The problem with autonomy in church leadership is group think.
Autonomy – a self-governing community.
Group think – the -practice of approaching problems or issues as matters that are best dealt with by consensus of a group rather than by individuals acting independently; conformity.
Translate that to the church.
Autonomy is all the rage in church leadership circles these days. It’s almost heresy to present the concept of getting outside help from another board or body when making decisions. If you read the latest leadership magazines or listen to the speakers at leadership conferences they all pretty much say the same thing: Your leadership team knows best; you have been called to lead locally, do it boldly.
And the result is group think.
I hate to say it, but sometimes instead of acting boldly groups act stupidly.
Too often, locked in a board room and forced to make a decision, a leadership team goes with a BIG IDEA and changes everything.
The result is a pendulum effect. Attendance is down? Let’s find the boring and replace it with the exciting. Let’s get rid of game time and go with meditation circles. Let’s stop passing the offering plate around and force people to text in their donations. Let’s fire the organized youth pastor and hire a relational one.
There is something in our DNA that looks at problems and processes only two solutions…. stay the same or make an extreme change.
And the nature of group think is that you are always going to chose A or B. No one in a room is going to fight for options C, D, E, or F. Because they want the meeting to end.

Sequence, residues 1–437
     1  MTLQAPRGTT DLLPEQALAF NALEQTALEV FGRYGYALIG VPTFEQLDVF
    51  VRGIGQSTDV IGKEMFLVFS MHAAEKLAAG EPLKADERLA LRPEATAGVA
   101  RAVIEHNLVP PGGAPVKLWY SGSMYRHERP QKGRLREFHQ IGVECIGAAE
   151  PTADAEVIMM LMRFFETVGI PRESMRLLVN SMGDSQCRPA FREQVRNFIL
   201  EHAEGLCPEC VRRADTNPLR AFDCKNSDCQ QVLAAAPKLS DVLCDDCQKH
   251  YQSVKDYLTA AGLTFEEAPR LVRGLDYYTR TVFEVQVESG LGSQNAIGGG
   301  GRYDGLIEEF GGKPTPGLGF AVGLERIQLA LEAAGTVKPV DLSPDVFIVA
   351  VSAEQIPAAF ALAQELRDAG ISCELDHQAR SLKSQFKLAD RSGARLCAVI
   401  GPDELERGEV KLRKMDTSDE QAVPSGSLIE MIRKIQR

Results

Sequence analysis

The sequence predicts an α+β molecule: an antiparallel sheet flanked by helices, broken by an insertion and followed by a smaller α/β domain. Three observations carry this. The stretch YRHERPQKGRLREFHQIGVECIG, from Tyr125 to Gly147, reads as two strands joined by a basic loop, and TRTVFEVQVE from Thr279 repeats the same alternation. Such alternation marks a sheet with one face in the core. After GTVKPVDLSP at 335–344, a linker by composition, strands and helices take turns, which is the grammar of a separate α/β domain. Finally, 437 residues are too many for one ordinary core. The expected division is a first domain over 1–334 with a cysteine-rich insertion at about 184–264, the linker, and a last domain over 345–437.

And in a group, consensus is viewed as good even if it is bad.
Pendulum swing vs. Minor Correction
Let me introduce two concepts to you since you probably sit on some sort of leadership team. Maybe internalizing these things will help your organization end the tennis match of pendulum thinking?
#1 Slow down – I’ve been in these meetings. And I know that at the board level there is a desire to move quickly in order to look decisive. (Or empty the agenda) And I know that those closest to the situations feel the most urgency to make drastic changes. By making the time to study and really understand a problem you will make a much more wise decision. When your board is on the verge of swinging the pendulum, just ask that a decision not be made for 2 more meeting cycles. Give everyone some assignments about the problem. Then agree to talk about it briefly at the next meeting. Then at the third meeting, make a decision.
#2 Side step to the right or left – Chances are that you are largely doing the right things for your organization. And what you are doing today did actually get you to the place you are at today. (In a good way) So rather than killing a program or firing a staff person, take the time to invest in minor corrections as opposed to swinging the pendulum. Consider investing in the staff people that you have. (Way cheaper, kinder, and wiser for the long-term health of your organization.) Or consider visiting other organizations that run a similar program to see what you can learn. And also consider that you probably have the best program, staff, or idea for your context in play and that you might just need to ride out a temporary downward cycle.
Break group think and its pendulums!
One thing I’d like to see if for autonomous bodies (not bad, by definition) getting more comfortable with outside voices. You can be autonomous and still bring in outside voices. Bring in visitors from outside the organization to regular meetings… just for a fresh outside perspective. Once a year do a retreat with another similar board where you spend a weekend working on your problems together. When faced with a big decision, produce a white paper and ask another board for their advice.